One of my favorite things about movies is the ability to transport us to another place in another time and for some of us, the south in the sixties is very familiar territory.
The #1 New York Times best-seller turned film The Help hits theaters on Wednesday, August 10th. The film is the story of three different yet very remarkable women who form an unlikely friendship amidst the societal turmoil of the sixties in Jackson, Mississippi. Actress Emma Stone portrays "Skeeter" Phelan, an Ole Miss grad groomed for society and a husband but who has a writing career on her mind. She decides to interview black women that take care of prominent families and literally turns the town on its proverbial ear. Representing the "help" are actresses Viola Davis (Academy Award®–nominee for “Doubt”) as Aibileen and Octavia Spencer as Minny. Bryce Dallas Howard (daughter of Opie/director Ron Howard) plays Junior Leaguer Hilly Holbrook while veteran actresses Sissy Spacek portrays Hilly's mom Missus Walters and Cicely Tyson stars as Constantine Jefferson.
Emma Stone as Eugenia "Skeeter" Phelan
|Classic white column antebellum|
Designed by production designer Mark Ricker (Nanny Diaries and Julie and Julia) and set decorator Rena Angelo, the houses of the five characters are as diverse as the characters themselves. Filmed on location in Jackson, Clarksdale, and Greenwood, Mississippi, Ricker combed through old copies of Better Homes and Gardens as a reference point and was inspired by the book Under Live Oaks by Caroline Seebohm and Peter Woloszynski. He also referenced another southern classic Gone With the Wind, watching the DVD before he boarded a plane and headed south. Ricker found the book in particular to be "wonderfully rich in details and worked quite nicely to inform Skeeter and Celia Foote's houses - both of which would have more history and layers than the newer houses in the film (Hilly and Elizabeth's)."
|Phelan dining room|
|Many of the rooms were steeped in the tradition and history of a grander time|
|Designers used a Brunschwig and Fils swag border wallpaper for this New Orleans hotel suite|
|Leefolt living room|
|Hilly's Pepto Bismol colored tile bathroom|
|Foote Trophy Room|
|The designers scoured antique shops from Memphis to Mississippi for period perfect furnishings|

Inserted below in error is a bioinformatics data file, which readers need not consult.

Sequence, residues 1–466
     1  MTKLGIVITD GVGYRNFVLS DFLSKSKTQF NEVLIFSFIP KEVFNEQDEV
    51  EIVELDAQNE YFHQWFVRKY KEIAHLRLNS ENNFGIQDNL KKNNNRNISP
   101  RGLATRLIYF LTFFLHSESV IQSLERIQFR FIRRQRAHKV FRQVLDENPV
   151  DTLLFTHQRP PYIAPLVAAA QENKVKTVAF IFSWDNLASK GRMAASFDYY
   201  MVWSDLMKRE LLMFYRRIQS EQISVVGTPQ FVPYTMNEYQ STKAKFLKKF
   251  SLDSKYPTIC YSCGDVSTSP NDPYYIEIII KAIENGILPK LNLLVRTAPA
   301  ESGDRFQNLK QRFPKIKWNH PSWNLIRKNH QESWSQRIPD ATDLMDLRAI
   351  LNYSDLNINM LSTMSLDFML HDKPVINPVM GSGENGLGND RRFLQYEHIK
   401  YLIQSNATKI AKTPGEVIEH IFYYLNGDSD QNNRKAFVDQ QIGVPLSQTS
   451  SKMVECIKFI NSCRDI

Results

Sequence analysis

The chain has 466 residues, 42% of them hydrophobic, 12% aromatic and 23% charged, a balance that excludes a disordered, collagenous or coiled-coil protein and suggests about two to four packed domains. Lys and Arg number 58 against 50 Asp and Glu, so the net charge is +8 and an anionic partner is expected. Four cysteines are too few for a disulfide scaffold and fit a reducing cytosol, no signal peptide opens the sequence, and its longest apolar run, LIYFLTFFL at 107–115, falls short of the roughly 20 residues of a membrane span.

|Leefolt den with wood panels and round braided rug|
|Holbrook living room|
|Robert E. Lee Hotel lobby|
|Relics of the sixties: Skeeter's mom rolls her hair |
on orange juice can sized plastic curlers in a laminate and chrome filled kitchen
|Allison Janney as Charlotte Phelan|
It's easy to see the parallels -- Stockett grew up in Jackson and remembers the days sitting at her grandmother's table with their beloved maid Demetrie. And like Skeeter, Stockett became a writer, working on the book while living in Manhattan as "the distance added perspective." Demetrie passed away when she was sixteen, and no doubt the author felt her presence as she wrote The Help.
Admitting she is "not done with Mississippi yet," Stockett is working on her next book, which takes place in the twenties south, a time of the emancipation of women in Oxford, Mississippi. She is understandably nervous, as it's hard to follow up on such a phenomenon. "I went from writing a book no one wants to read to writing a book everyone wants to read," she notes. Here's hoping her next book is as wonderful as the first and at least she won't have to look for an agent.
|Author Kathryn Stockett|
At the time of our interview, Stockett had not seen the final cut of the film but had been on the set. "I couldn't believe it when I saw the set," she explains, "it was a tangible representation of every little detail. I remember Skeeter's room -- there were notes from friends, a yearbook sitting around, old ribbons...you know, that mixture of going from little girl to college."
You can read more of my interview on the designs of The Help in the upcoming September issue of Atlanta Homes & Lifestyles and you can see a sneak peek of the trailers on The Help website.
|Bryce Dallas Howard as Hilly Holbrook, Sissy Spacek as Missus Walters and Octavia Spencer as Minny Jackson|
Photo Credits: Dreamworks/Dale Robinette, Putnam, Courtesy of Mark Ricker